No billboards, tollbooths, few towns or gas stations but there are whales, waterfalls, glaciers, mountains, and fjords. From Anchorage it meanders south 204kms from sea to mountains to sea across the Kenai Peninsula ending in Seward on Resurrection Bay. In Anchorage, visit Potter Marsh with 2 boardwalks to see migratory birds, eagles, spawning salmon and moose. Chugach State Park and Tumagain Arm (mile 103.1). Bird Creek (mile 101) – salmon. Bird Point (mile 96) – beluga whales, Dall sheep, tidal bore. Girdwood (mile 90) – gardens of the Hotel Alyeska. Mount Alyeska – ski tram ride
Slopes of wildflowers greet visitors at Mount Alyeska. Ride a ski tram to a point 700 meters up the mountainside to see hanging glaciers, snowy mountain peaks, and wildlife. Portage Valley – eerie spears of dead, salt-soaked trees are all that’s left of a forest destroyed when the 1964 earthquake permeated the soil with seawater, glaciers of Portage Valley. Turnagain Pass (mile 68.5) – 274m up. Canyon Creek (mile 54). From mile 47 to 18, crystalline lakes pepper the route: Jerome Lake, Tern Lake, and massive Kenai Lake to kayak, canoe, bird watch or fish. Moose Pass – a peaceful little town. At mile 14, the Snow River broadens into a set of braided streamlets – eagles, Paridise Peak’s ice fields. Seward – end of the road, 3000 people and 40 B&Bs, eat fish, harbor, Marathon Mountain (921m). Resurrection Bay (mile 0) – fishing boats and kayaks ply waters frequented by sea lions, otters, humpback whales, harbor seals, porpoises, and orcas, bird-watching, dramatic fjord, and Alaska SeaLife Center (research facility and aquarium devoted to North Pacific marine life).
Best done in the summer.

The 414-mile road from Livengood to the oil fields of Prudhoe Bay, Alaska. Built in 1974 as the service road for the Trans-Alaska Pipeline, the highway is not to be taken lightly. Services are few. it’s a mostly gravel thoroughfare often ruled by 18-wheelers. Crossing forest and tundra in northern Alaska, it crosses the Yukon River, traverses the towering Brooks Range, and passes over the North Slope to end at the Arctic Ocean and some of North America’s most dramatic scenery.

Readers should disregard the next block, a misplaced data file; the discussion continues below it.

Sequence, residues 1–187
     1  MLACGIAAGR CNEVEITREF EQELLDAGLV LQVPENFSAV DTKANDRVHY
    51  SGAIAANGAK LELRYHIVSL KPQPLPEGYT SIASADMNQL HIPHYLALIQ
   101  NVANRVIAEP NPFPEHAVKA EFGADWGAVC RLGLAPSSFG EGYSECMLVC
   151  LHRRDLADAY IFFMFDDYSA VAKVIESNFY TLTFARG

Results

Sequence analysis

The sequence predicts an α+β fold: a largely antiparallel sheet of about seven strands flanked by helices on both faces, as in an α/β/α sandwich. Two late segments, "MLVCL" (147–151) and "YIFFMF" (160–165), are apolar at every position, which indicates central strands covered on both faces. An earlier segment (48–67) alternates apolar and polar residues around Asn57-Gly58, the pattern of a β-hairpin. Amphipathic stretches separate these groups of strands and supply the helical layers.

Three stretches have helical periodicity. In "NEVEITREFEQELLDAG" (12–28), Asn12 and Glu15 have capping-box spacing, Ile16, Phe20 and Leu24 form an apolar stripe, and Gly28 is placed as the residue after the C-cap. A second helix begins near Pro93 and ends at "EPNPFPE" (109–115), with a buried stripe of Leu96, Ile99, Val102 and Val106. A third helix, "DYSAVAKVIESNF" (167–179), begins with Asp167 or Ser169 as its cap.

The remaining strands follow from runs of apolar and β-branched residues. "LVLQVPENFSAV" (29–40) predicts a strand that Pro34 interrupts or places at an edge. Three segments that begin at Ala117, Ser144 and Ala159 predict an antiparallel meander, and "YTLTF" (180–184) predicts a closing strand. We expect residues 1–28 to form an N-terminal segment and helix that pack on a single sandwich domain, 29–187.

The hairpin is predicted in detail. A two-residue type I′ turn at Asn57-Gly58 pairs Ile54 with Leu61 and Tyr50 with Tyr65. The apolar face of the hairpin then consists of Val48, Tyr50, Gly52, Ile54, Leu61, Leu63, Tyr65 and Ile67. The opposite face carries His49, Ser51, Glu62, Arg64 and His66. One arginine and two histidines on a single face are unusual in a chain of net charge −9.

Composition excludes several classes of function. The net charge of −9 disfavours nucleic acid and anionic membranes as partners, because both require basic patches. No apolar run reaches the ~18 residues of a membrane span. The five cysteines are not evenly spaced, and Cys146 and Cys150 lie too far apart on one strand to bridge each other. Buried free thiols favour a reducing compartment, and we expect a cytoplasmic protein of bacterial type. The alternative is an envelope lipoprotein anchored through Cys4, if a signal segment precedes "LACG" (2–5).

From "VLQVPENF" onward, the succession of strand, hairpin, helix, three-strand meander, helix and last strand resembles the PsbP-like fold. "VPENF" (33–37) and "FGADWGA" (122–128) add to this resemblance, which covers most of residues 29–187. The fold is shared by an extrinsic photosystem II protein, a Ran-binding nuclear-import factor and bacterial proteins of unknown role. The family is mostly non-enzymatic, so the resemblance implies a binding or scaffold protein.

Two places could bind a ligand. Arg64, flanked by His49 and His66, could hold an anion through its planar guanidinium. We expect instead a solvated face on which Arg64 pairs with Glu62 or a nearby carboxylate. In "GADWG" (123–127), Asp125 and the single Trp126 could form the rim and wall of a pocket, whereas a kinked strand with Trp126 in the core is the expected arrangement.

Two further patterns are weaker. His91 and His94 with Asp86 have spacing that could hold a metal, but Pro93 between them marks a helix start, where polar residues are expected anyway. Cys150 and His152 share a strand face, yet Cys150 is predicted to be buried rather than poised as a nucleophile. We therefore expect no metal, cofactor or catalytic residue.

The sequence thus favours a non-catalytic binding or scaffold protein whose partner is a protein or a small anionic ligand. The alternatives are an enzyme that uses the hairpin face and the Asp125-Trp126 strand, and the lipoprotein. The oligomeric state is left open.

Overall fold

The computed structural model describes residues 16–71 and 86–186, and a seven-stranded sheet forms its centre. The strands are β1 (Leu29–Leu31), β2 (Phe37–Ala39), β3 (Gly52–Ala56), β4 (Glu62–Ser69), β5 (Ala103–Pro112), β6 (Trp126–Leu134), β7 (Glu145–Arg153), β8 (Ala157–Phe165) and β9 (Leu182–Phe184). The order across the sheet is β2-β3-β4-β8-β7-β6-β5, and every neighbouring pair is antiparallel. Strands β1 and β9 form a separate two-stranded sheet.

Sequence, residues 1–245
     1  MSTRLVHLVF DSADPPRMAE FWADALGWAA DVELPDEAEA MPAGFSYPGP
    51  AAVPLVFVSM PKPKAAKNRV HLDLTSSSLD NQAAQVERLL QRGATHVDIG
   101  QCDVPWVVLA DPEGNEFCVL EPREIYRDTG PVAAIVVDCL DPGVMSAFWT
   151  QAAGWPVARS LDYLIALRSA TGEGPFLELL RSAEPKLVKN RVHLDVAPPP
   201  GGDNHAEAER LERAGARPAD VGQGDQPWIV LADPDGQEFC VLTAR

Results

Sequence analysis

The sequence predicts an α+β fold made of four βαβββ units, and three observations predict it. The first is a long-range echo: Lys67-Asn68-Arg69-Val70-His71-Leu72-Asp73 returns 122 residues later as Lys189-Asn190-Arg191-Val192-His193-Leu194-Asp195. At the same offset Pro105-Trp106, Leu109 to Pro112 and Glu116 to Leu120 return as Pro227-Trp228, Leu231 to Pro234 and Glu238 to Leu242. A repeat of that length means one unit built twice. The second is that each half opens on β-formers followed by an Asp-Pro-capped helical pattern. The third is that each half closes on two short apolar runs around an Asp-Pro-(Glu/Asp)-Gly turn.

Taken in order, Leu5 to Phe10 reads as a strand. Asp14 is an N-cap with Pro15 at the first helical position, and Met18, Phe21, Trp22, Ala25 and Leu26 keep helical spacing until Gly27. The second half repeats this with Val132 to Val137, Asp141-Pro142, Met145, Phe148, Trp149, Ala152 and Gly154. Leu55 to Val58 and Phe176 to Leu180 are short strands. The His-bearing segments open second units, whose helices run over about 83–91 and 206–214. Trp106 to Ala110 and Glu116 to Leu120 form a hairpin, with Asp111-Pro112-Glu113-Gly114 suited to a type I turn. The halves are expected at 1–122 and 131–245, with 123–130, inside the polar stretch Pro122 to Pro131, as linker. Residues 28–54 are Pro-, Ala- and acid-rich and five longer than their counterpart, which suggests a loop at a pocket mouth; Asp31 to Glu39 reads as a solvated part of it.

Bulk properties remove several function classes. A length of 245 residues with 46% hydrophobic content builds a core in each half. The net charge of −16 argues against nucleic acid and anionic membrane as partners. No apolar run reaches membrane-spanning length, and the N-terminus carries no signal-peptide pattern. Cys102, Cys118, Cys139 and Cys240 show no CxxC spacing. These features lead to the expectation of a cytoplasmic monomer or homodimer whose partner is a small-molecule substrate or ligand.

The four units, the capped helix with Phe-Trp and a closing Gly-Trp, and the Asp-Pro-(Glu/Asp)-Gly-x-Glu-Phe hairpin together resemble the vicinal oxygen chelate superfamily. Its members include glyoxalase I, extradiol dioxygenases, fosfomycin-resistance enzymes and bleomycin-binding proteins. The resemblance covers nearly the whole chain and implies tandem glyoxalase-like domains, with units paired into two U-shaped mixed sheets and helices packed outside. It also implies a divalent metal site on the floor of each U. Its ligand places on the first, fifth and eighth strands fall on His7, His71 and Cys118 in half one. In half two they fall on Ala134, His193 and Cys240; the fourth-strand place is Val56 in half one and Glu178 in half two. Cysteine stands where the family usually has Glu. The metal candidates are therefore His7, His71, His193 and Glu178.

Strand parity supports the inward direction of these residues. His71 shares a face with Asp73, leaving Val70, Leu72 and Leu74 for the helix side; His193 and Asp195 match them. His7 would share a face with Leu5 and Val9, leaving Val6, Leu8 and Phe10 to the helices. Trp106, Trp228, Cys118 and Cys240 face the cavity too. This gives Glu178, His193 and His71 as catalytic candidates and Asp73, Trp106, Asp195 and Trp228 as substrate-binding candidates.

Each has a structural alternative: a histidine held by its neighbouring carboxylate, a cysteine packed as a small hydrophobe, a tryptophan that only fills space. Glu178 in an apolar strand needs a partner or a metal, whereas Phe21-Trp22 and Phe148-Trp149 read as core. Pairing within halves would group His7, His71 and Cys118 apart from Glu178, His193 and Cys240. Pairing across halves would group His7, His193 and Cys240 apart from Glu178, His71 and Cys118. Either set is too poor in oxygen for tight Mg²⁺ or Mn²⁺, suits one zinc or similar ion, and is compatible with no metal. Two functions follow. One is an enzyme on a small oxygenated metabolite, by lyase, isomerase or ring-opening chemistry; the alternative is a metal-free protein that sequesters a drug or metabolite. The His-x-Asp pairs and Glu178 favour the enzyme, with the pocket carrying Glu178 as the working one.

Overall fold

Start in Fairbanks, load up with gas, water, food, and spare tires and head north 84 miles to Livengood. This is Alaska’s Interior—gently rolling hills of aspen, scrawny black spruce poking through mossy bogs, and meandering streams. Your constant companion is the 48-inch (122-centimeter) pipeline carrying oil from the North Slope to Valdez. Near the Yukon River, satisfy a big appetite with big burgers at the scruffy Hotspot Café.
A favorite stretch of the highway for many falls between the Yukon River and the Arctic Circle, where you encounter tundra and taiga, with evocative granite outcrops around Finger Mountain. Stay alert for sightings of grizzly and black bears. Sometimes, large herds of caribou may cross the highway. Remain inside your vehicle whenever you spot wildlife, since the vehicle serves as a blind and is the safest place to observe animals.
At mile 175, fill up your tank at the truck stop in Coldfoot, offering the last services for the next 240 miles (386 kilometers). Then head into the Brooks Range, where sky-stabbing spires of bare rock tower over 7,000 feet (2,134 meters). As the road drops, it skirts the Arctic National Wildlife Refuge, home to caribou and the nesting ground for millions of migratory birds. An impressive 158 species have been recorded in the region, and many birds can be seen along the highway, from songbirds to flocks of migrating waterfowl to shorebirds, raptors, and rare species from Asia and Africa such as yellow wagtails and wheatears.